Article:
3. Add Workshops from the teaching profile that will be added to your main profile.

If you’re a theatre with a training program you can now add training information to your theatre. Right now it’s just an information page about your training program that instructors can be listed under. But more tools for training programs will start showing up if you set up your training program today. Here’s how you do it:

1. Edit your theatre profile and select the option saying that you have a training program.
2. Visit your theatre’s profile and click the link to set it up.
3. Fill out the info and hit Submit
4. (optional) hit the “Change Instructors” to add or remove instructors.

These tools are only available for members of NIN. If you’re not a member of NIN you can sign up for FREE at nationalimprovnetwork.com. Sign up today to take advantage of the free resources for improvisors that NIN provides.

About National Improv Network

National Improv Network is an online community and non-profit endeavor that brings improvisors together from all over the world and offers Theatre Owners, Festival Organizers, Improvisors and Instructors a wide array of services and resources.  Currently NIN has over 2,000 members, 1200 improv troupes, over 100 festivals and over 90 theaters listed on the site.

Nick Armstrong and Bill Binder – Co-Founders of the National Improv Network

Nick is Camp Director and Founder of Improv Utopia an improv retreat for adults in California and Pennsylvania. He is also one of the founding members of the National Improv Network and performer and teacher at iO West as well as an alum of The Sunday Company at The Groundlings. He has also taught many workshops around the country.

Currently Bill is an instructor at The Torch Theatre and producer for the Phoenix Improv Festival. He tours teaching and performing across North America.

 

 

Competition Or Collaboration?

You’ve started and improv group, your improv group has grown. You’re getting an audience, selling out the pizza parlor you’ve been performing at. It’s time to grow, so you get your own space and your own improv company. But what’s this, another group has done the same thing as you and have opened an improv theater in the same City…”NOOOOOOO! But there going to take my business!” “All the improvisors will perform and train there not here, all the audience will go see them, not us.”

As an owner and/or performer you’ve probably witnessed or have been a part of the above scenario. It happens in most cities. The new kid on the block comes in with their new theater and improv philosophy and you see it as a threat or don’t agree with their style.

It is my philosophy that improv cannot work in competition it has to work together…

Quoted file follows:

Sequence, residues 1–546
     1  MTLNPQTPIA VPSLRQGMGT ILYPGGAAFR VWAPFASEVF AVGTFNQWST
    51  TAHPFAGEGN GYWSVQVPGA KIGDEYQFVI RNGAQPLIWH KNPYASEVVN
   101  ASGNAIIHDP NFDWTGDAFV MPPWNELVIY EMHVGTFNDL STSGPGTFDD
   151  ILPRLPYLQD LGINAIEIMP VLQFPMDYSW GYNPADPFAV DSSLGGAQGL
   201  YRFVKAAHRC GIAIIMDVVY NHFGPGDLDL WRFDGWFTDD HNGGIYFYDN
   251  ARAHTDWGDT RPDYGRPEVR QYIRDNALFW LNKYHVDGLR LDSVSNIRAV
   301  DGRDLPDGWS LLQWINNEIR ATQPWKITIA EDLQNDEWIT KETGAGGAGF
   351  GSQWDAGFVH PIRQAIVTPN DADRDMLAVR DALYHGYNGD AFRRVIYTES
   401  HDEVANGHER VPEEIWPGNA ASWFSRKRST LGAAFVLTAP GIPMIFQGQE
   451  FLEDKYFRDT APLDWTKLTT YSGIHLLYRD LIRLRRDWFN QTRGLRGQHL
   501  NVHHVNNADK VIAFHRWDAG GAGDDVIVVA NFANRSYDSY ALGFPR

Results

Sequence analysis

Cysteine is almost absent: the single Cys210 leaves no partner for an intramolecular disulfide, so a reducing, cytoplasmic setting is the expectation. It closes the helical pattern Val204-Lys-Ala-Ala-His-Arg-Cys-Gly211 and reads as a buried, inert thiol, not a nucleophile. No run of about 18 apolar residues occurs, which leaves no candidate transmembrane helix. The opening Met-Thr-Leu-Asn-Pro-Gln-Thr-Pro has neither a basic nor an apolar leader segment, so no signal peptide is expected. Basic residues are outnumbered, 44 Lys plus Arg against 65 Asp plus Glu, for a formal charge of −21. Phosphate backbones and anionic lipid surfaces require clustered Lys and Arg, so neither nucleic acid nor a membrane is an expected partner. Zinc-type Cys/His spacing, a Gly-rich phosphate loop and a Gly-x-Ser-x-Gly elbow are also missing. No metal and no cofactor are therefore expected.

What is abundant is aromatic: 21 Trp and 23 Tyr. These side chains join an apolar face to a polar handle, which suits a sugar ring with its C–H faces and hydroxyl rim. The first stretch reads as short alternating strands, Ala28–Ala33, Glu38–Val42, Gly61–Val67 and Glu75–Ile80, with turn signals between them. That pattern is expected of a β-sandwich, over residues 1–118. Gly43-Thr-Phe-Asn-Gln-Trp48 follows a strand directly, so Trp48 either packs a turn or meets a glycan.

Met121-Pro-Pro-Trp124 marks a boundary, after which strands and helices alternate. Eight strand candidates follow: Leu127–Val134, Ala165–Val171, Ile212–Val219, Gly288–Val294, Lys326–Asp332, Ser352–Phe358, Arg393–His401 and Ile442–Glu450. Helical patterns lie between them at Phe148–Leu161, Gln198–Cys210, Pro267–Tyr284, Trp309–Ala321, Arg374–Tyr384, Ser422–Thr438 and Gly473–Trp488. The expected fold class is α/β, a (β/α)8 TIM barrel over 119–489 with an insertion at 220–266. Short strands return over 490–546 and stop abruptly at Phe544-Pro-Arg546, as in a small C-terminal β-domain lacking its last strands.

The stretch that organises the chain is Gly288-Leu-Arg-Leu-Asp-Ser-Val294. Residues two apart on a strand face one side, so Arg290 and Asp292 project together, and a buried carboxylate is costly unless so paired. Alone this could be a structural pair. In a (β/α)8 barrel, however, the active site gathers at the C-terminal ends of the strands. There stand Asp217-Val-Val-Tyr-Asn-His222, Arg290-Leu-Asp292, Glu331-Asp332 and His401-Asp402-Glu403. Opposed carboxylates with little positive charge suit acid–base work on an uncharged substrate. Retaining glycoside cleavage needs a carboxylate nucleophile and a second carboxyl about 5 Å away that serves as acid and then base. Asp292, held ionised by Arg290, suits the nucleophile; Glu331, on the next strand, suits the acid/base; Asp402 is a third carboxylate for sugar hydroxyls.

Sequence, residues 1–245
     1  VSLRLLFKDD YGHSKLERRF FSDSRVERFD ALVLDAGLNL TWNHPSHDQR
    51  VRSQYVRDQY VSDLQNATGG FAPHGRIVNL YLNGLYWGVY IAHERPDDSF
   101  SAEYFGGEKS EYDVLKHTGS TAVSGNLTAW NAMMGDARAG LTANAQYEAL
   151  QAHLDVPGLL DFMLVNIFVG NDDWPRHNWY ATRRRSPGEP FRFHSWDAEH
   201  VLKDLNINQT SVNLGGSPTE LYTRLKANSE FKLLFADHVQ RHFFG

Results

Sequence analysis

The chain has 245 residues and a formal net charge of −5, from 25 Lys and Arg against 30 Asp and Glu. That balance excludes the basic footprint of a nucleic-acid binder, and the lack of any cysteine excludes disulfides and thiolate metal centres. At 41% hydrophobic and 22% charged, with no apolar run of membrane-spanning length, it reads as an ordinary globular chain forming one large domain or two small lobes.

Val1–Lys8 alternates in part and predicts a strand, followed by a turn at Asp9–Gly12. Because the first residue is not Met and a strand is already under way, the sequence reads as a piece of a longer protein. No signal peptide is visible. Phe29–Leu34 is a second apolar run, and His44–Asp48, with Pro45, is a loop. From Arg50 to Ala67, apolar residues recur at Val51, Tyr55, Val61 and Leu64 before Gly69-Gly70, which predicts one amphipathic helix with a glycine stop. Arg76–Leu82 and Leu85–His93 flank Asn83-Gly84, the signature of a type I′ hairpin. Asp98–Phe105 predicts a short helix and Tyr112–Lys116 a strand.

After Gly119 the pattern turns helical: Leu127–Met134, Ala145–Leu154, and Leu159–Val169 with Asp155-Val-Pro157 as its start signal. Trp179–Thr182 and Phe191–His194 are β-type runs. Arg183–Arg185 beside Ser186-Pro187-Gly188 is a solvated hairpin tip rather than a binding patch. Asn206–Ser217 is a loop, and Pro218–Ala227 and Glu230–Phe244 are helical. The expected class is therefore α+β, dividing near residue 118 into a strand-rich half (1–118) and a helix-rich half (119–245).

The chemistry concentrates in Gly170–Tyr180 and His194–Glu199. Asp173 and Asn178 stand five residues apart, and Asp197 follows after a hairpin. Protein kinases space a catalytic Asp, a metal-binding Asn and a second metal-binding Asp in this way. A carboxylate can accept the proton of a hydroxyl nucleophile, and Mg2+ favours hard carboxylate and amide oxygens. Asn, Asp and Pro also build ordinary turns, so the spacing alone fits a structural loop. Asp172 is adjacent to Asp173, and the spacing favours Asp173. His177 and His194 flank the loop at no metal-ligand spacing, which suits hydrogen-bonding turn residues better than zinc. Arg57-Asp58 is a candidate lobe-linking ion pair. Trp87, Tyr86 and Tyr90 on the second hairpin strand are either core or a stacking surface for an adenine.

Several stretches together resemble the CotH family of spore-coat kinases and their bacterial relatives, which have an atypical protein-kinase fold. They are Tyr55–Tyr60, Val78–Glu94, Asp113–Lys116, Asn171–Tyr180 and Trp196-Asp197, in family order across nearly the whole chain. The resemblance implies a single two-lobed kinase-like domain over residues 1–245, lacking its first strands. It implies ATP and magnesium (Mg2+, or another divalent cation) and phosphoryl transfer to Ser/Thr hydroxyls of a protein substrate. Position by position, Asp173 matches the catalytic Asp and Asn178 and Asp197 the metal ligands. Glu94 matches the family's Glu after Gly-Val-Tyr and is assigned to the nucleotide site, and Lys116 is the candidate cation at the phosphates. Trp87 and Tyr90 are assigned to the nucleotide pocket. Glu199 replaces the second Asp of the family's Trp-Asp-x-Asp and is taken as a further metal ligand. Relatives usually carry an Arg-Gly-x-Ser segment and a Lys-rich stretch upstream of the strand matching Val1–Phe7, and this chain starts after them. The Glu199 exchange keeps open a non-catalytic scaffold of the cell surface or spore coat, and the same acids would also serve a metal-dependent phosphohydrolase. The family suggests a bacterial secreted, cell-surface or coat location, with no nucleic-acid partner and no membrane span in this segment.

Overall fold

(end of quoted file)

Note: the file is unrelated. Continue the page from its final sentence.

How Corporations Work:

Corporate America is a results based system. Meaning they will do anything they can to get a bottom line and make more money for their investors and their executives. It’s a shitty system. We all have seen it single handily destroy the America we once knew. Causing a huge rift between the class system. Corporations hand out pink slips and buy the competition or try and put them out of business. They most likely never work together. It’s a cut throat world and everything needs to be cheaper and make sure their labor costs are down. I’ve been in this world. I’ve seen in first hand.

How Improv Works:

Improv is an ensemble based system. Where a group of friends or strangers get together and collaborate and try to achieve a group mind. They encourage a yes and philosophy and bounce off the last thing said. Add information and heighten their fellow ensemble members idea. The growth is collaborative.

Now…How Improv Cannot be a Corporation.

Improv is not a corporation and it shouldn’t be treated as one. Improv business should be treated the same way as the philosophies of improv. You can’t have one or the other. Improv is a community that wants a home or many homes. Improvisors want to seek many philosophies and want to expand their artistic repertoire. Embrace this. Run your business like an improv ensemble. Accept the new improv theater that just opened down the street. Welcome them with open arms and give them advice if they ask for it. Remember the old days when someone moved into your neighborhood you brought them a pie. You don’t have to go that far, but brownies might be nice. 😉 Share information. Let them know the permit process might be hard and here’s an easier way to do it etc.  Don’t isolate them, you don’t have to believe in their philosophy over yours but you do have to accept them. Work together. Use your powers to raise awareness to the masses of improv.